Thunder, lightning and exploding sounds | NevadaAppeal.com

Thunder, lightning and exploding sounds

Kathleen Williams-Miller
Atom, a handsome 8-year-old domestic short hair orange tabby, is a very friendly guy. He loves to cuddle, talk and birdwatch. He will give you a high five for food. Atom is diabetic and must have insulin shots twice a day. Come out and meet him; he’ll tell you a story.

While sitting at the dog park the other day, Denise happened to mention how terrified her dog Belle gets because of thunder, lightning and fireworks. Her other dog, Millie, isn’t bothered at all. Watson is frightened of loud sounds and flashing lights, too. In fact, he becomes a panicked, panting pup during a storm or fireworks display.

Dogs can sense bad weather coming long before humans are aware of it. Perhaps you have observed your dog pacing, his tail down and verbalizing. This behavior indicates the storm is coming soon.

Humans see lightning, but new research reveals that dogs feel it. As a storm rolls in, the barometric pressure and ions in the atmosphere change. All this change causes external signals to travel through their nervous system more quickly.

Static electricity builds up in the clouds and eventually bursts into lightning. Long before the lightning strikes, your dog can feel it generating an unpleasant tingling sensation through his fur. Occasionally, people feel this, too, on the hair at the nape of the neck.

Many dogs freak out during a thunderstorm and attempt to become grounded by getting as low as possible. Belle hides in the closet, and Watson hunkers down by me. I have been swaddling him with a towel, but he is still fearful. During the last storm, I did buy some “Happy Traveler” natural calming capsules, and I was amazed by how well they worked.

I suspect the reason some dogs are afraid of fireworks stems from associating flashing lights and loud sound with the uncomfortable sensations they experience during a storm. There are many products on the market for dogs and cats that help with anxiety. At this point, I have only tried one but I will do anything to help Watson weather the storm because he’s my BFF.

LOOKING FOR A HOME

We have four darling puppies. Policy, however, prohibits adopting out puppies or kittens under the age of 6 months to a home with children under 5 years of age. This is to protect both the children and the animal. Call 775-423-7500 for details.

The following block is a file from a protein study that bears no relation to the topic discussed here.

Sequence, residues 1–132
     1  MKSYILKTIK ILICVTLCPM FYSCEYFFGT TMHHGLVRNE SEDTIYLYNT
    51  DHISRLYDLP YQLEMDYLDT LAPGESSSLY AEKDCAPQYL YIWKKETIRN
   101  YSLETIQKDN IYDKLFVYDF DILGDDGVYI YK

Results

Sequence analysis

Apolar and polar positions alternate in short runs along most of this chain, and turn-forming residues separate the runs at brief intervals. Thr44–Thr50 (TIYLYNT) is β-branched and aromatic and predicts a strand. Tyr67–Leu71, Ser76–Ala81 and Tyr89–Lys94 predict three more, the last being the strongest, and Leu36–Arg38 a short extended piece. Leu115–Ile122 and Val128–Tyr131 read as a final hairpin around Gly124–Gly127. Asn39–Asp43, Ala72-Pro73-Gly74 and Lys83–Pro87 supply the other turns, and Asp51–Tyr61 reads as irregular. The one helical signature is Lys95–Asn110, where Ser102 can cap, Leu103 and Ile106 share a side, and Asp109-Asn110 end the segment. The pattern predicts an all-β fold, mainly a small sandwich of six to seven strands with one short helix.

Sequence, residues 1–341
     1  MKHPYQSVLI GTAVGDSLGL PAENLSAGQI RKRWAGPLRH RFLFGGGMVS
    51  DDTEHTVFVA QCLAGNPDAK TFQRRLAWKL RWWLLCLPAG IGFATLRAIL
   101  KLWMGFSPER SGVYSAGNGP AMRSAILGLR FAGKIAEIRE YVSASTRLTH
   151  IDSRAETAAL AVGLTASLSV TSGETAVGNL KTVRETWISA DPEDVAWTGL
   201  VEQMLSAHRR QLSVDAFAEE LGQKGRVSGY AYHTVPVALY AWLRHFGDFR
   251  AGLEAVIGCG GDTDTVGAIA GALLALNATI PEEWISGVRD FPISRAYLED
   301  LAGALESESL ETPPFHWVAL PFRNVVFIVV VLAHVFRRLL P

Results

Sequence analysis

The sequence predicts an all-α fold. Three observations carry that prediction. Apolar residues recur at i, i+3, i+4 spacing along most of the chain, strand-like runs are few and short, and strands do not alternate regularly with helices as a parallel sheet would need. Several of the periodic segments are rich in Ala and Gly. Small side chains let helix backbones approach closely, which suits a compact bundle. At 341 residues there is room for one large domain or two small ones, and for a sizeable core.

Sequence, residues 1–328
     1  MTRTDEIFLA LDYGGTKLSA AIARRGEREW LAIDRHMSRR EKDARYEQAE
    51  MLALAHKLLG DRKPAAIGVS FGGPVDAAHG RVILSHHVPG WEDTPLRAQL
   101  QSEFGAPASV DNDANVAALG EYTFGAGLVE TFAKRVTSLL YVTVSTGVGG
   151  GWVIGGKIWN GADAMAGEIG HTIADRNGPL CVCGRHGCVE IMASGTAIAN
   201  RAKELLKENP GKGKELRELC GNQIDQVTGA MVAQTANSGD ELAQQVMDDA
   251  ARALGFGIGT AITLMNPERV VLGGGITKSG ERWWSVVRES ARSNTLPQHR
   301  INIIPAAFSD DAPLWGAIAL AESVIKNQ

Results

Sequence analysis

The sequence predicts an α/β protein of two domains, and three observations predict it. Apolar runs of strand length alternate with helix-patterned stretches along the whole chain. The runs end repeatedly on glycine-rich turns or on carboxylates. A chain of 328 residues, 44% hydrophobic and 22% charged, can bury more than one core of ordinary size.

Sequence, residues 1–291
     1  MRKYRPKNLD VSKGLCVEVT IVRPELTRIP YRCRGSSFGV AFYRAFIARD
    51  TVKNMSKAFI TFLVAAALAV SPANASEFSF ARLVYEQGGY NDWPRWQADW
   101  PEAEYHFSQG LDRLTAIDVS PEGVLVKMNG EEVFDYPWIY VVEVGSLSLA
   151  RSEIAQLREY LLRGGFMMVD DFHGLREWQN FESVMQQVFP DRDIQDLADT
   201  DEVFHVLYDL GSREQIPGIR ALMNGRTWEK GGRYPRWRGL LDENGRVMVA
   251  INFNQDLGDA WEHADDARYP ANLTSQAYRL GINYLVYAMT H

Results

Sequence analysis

IN NEED OF

Garage sale items. We need gently used appliances, furniture, treadmills and miscellaneous items. We don’t need clothing. Call us at 755-423-7500 and we will pick it up.

Folks who need help affording spaying/neutering for dogs or cats. The SNAPS program details are below.

SHOUT OUT TO

Hoofbeats Gates and Corrals for their help completing our kennels. All tails are wagging for you!

Daniel Andersen, who is an Eagle Scout candidate, for his amazing agility course. A Four Paw salute to you!

Eagle Scouts, Boy Scouts and parents for all their assistance. A pooch smooch to you!

COME SEE US

CAPS will be at Walmart on July 6 with the Kissin’ Booth and a puckered-up pooch. Come by and smooch our pooch. We have hoodies, shirts and hats. Be sure to check out our merchandise after you’ve hugged our pup.

DON’T FORGET

June Pet Holiday: Ugliest Dog Day, June 21.

SNAPS is a program offered to Churchill County residents through CAPS that provides low-cost spay/neutering for cats and dogs. To qualify for SNAPS, you need to have one of the following: Medicaid, a child enrolled in NV Check Up Program, food stamps, 2018 tax return stating income is less than $30,000 or Veterans disability card including a photo ID. Also required are a Churchill County ID and a co-pay. For information, call CAPS at 775-423-7500.

CONTACT CAPS

CAPS’ mailing address is P.O. Box 5128, Fallon, Nev. 89407. CAPS’ phone number is 775-423-7500. CAPS’ email address is caps@cccomm.net. Please visit the CAPS website (www.capsnevada.com) and Facebook page (Churchill Animal Protection Society). Be sure to “like” CAPS on Facebook because we are really likable.

CAPS is open to the public on Tuesday, Wednesday, Friday and Saturday from 10 a.m. to 2 p.m.

Kathleen Williams-Miller is a CAPS volunteer. Contact me, jkwmil@outlook.com.